And in one vein, it could be. For it contains all that we are: idealism, snake oil, industry, architecture, design, advertising, pop art, celebrity and the exuberant sense of national adolescence that has both made America so exceptional and gotten it into so much hot water.
If you sweep aside legitimate questions about how far consumerism can and should go, "Iconic America" is a lovely book — the kind for which coffee tables were invented. Leaf through the pages of loving photography and clean, sans-serif capsule biographies of each object and you feel ... well, American.
Rarely has an Underwood No. 5 typewriter, scourge of so many 20th-century secretaries, looked so appealing as it does in this computer-age volume. Rarely have two photographs of faces on facing pages — in a joke wig and in his "god-awful platinum-blonde fright-wig" — so bookended an entire era.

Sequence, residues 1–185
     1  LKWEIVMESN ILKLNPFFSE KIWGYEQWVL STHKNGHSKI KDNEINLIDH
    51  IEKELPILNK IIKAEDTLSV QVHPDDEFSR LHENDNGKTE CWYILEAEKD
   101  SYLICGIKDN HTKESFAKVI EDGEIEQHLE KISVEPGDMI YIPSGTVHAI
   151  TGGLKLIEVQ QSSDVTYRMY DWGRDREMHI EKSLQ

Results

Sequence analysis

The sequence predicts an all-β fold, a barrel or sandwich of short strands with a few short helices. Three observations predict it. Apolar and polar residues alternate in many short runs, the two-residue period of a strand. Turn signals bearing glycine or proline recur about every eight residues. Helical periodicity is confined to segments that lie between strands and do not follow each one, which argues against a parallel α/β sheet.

And rarely have three curiously juxtaposed images said so much about America as the photos on page 298 and 299: An "all-American" boy consuming a hamburger and a Coke while, thanks to Photoshop, he "watches" Ruby kill Oswald on black-and-white TV; behind him, a rural church rises from the landscape in an iconic portrait.
Iconic. We keep coming back to that word — which, it's worth noting, is just one letter away from "ironic." In a country where advertising is the secular religion, "Iconic America" offers up a visual Bible of our age — the books of Swoosh, , Lucky Strike and O.J. and so many more.
It elevates, glorifies, venerates our own creations — above even ourselves. But page after page, as it raises products to the heavens and compels us to kneel, the question unasked in all the exuberance cannot help but resonate: Are we worshipping false idols?